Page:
Why does the city need to subsidize the NRC with hundreds of thousands of dollars? Whenever the NRC was discussed, even as recently as the end of July, there were loud denunciations every time I suggested that the NRC would be subsidized by the City. Administrator Lewis clearly told a member of the public at a city council meeting that the city would not and could not give the NRC its utility lines for free, and that the city would not subsidize the NRC. Various members of the council have echoed this position. Now we find out that the city is doing exactly what it said it would not do.
The city is giving the NRC hundreds of thousands of dollars in subsidy. The city is giving the NRC land that the NRC will sell to raise money. The city could sell that land and put the money into the general fund, but instead will just give to the NRC. According to Jack Lewis the NRC will sell the land and use the money to pay for the water and sewer lines to the property. No numbers have been released, but 15 acres in the city of Salida has to be worth hundreds of thousands of dollars.
There has been no discussion of why and how the financials of the 6320 have deteriorated so badly and so quickly. What was unthinkable just weeks ago – a direct subsidy to the NRC by the city – is now such a given that there is no discussion of it. What went wrong? Were the financials screwed up in the first place, and we just figured it out? Did something terrible happen in the last few weeks? Was this the plan all along?
The trouble with this subsidy is the way it is being done. We aren’t told how much it is. It is not going through the regular process for people who want money from the city. There are many projects and organizations that provide services to the citizens and businesses of Salida, and they often look to the City for monetary help: Neighbor to Neighbor, the Chaffee Housing Trust, the People’s Clinic, the community center, SBA, even the airport. All of these organizations could use 15 acres of city land to sell to raise money for their worthy endeavours. They are instead forced to compete with each other and with the normal and regular operations of the city for a finite amount of money through the regular public budgeting process. And from experience, I can tell you there is often a great deal of scrutiny of the organizations, their budgets and plans, and a weighing of the benefit of the service they provide.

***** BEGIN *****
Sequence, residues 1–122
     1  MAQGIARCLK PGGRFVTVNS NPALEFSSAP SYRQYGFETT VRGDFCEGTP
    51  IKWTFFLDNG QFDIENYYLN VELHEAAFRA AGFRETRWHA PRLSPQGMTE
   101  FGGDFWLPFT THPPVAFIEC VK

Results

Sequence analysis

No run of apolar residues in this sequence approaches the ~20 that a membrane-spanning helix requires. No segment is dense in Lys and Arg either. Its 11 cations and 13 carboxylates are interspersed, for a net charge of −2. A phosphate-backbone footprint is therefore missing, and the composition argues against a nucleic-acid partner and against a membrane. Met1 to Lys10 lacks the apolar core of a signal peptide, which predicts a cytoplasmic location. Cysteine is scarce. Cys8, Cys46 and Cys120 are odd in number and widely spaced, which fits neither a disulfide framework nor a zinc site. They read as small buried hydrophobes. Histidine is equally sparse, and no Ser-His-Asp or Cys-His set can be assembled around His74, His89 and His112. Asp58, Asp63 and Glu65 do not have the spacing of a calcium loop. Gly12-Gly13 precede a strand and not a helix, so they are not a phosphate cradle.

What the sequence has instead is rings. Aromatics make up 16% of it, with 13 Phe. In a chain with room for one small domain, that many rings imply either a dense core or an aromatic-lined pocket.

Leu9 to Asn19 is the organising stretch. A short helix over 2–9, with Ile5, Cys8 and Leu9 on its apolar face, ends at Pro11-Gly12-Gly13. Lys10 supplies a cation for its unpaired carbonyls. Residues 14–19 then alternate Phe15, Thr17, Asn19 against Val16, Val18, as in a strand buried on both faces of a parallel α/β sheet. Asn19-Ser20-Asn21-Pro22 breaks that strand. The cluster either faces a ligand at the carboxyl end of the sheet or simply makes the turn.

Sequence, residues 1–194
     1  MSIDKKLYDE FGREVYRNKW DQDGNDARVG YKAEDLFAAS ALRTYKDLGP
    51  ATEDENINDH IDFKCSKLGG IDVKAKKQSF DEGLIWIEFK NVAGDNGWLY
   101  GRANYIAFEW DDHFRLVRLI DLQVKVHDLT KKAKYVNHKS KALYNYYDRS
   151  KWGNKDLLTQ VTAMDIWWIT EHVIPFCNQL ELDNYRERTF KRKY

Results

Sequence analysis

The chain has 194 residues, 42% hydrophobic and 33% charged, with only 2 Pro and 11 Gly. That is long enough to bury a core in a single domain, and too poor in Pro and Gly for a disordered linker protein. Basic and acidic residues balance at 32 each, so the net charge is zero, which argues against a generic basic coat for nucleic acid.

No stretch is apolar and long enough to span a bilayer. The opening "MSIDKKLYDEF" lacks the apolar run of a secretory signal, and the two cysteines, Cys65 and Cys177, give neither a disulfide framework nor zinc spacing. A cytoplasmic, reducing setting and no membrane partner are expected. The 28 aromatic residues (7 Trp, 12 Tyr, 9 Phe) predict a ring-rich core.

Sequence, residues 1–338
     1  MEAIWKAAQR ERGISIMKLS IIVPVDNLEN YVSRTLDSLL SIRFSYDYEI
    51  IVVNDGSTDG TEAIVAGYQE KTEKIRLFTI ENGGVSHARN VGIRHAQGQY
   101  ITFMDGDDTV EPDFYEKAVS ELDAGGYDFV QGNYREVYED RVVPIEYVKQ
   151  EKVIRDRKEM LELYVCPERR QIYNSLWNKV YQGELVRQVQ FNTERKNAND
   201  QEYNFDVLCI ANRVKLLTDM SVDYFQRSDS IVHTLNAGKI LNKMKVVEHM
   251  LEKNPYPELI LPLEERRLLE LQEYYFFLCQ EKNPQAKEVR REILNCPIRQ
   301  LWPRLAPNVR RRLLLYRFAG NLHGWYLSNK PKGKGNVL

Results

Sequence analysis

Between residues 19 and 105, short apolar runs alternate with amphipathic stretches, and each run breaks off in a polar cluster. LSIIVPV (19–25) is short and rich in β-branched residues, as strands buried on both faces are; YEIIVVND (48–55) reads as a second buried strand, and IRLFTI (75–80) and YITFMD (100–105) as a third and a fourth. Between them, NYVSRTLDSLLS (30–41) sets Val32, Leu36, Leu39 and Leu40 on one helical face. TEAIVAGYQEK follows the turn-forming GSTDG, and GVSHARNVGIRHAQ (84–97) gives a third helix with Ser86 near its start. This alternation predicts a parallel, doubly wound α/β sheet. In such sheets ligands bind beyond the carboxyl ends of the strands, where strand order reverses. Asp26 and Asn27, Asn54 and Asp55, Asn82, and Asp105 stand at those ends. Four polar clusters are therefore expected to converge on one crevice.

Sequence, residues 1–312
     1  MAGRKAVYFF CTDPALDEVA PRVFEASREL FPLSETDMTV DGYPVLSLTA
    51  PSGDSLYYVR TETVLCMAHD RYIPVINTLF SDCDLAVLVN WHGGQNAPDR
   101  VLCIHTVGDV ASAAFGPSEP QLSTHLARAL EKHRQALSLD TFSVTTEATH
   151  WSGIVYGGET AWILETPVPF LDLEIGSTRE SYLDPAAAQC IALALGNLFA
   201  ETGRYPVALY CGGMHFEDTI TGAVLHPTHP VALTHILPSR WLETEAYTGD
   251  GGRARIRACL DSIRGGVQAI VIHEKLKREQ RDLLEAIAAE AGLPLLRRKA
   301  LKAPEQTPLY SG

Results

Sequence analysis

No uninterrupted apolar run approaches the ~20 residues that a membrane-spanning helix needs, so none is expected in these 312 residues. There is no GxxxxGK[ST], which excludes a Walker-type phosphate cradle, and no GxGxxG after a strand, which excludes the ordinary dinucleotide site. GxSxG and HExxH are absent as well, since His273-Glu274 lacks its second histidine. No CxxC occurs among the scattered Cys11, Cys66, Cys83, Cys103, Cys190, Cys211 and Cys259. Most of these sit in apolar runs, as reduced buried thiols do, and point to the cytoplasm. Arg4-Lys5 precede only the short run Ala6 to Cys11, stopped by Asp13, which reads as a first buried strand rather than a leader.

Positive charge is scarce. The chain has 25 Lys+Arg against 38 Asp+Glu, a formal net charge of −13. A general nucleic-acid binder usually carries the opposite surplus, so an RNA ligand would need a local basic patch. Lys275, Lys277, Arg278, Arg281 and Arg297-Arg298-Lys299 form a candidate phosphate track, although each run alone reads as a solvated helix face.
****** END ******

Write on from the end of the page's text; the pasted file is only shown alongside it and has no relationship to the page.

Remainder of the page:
Not so the NRC – which is given hundreds of thousands of dollars with no questions asked and no discussion, so far, of why it is suddenly necessary to provide a subsidy to a project we were told would not need one. No discussion of an amount. No weighing of the benefits, if any, provided to the citizens of the city. No comparison of what else might be done with that money. No balancing against the identified need for new police cars, fire trucks or infrastructure improvements.
Everyone who is in a position to know is silent on the sudden and desperate need for a subsidy to make the NRC a viable project. The only way to even try to get an answer is through the city council.
Is anyone willing to show up on September 13 and ask why we should subsidize the NRC in this way, or what happened to make the subsidy necessary? Is the NRC willing to at least have open meetings and open books in exchange for the subsidy, or will they continue to operate in the back room? I guess we will find out onTuesday (Sept 13, see below).